Judgment was given today in the High Court in Roberts v SSAFA and MOD on a jurisdiction challenge brought by Allgemeines Krankenhaus Viersen Gmbh (“Viersen”) as third party on a Part 20 claim brought against them by the Ministry of Defence (“MOD”) and Soldiers Sailors Airmen and Families Association-Forces Help (“SSAFA”).

The underlying litigation was a claim for negligence against MOD and SSAFA brought in relation to the birth of Harry Roberts, in Viersen’s hospital in Germany. Harry Roberts, whose father was a UK serviceman posted to Germany,  suffered brain damage at birth and alleged it was as a result of the negligence of the midwife, who was employed by SSAFA and for whom it was alleged MOD were responsible. SSAFA/MOD, who denied liability, sought to claim contribution and an indemnity from Viersen on the grounds that the fault lay wholly or partly with obstetricians at Viersen’s hospital.

The application raised issues as to the ambit of Art 8(2) (third party proceedings) of the recast Brussels Regulation (see SOVAG v If Case C-521/14 2016 QB 780 CJEU) and the circumstances in which an alleged agreement founded on ostensible authority could constitute an “agreement in writing” for the purposes of Art 25 (1)(a) of the recast Brussels Regulation.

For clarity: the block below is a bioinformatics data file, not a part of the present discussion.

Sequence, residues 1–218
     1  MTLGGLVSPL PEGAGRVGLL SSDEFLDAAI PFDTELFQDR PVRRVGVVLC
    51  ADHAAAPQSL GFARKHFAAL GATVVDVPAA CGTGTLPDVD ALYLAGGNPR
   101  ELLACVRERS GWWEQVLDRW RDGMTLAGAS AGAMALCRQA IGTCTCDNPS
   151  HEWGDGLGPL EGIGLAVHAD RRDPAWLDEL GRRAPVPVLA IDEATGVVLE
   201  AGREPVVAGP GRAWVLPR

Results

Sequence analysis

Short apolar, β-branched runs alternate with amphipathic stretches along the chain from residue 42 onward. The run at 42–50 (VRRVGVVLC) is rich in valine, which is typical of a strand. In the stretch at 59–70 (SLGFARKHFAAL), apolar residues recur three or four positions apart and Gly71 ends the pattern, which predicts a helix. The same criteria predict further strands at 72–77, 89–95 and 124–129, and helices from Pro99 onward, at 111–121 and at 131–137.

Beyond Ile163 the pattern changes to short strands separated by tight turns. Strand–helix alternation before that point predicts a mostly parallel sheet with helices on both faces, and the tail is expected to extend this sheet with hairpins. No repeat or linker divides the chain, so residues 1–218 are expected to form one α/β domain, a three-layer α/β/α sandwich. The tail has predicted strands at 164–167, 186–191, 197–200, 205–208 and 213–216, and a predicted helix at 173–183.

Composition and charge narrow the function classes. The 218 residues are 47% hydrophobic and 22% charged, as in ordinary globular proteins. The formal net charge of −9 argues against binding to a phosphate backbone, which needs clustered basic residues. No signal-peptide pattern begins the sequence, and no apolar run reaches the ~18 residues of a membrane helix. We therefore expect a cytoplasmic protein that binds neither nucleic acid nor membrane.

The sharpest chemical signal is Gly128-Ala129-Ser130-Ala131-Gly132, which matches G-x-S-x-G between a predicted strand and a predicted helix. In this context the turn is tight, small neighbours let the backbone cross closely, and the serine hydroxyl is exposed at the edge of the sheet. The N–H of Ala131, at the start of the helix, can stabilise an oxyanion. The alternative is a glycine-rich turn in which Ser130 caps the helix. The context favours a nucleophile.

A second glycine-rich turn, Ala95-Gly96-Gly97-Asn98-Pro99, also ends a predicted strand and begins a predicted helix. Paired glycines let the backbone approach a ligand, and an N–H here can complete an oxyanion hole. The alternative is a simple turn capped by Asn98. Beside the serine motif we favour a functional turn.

Viersen contended (i) that the English court had no jurisdiction under art 8(2) and (ii) that SSAFA/MOD were bound by an exclusive jurisdiction clause in favour of the German courts under a related contract.

Dingemans J held that the English court had jurisdiction over the third party dispute under Art 8(2) and found that SSAFA/MOD had the better of the argument to the effect that the jurisdiction clause was not incorporated as between Viersen and SSAFA/MOD. In the light of those findings he found it unnecessary to determine whether an agreement made as a result of reliance on the ostensible authority of an agent could in law be an “agreement in writing” within Article 25. 

Charles Hollander QC (instructed by the Government Legal Service) acted for SSAFA/MOD.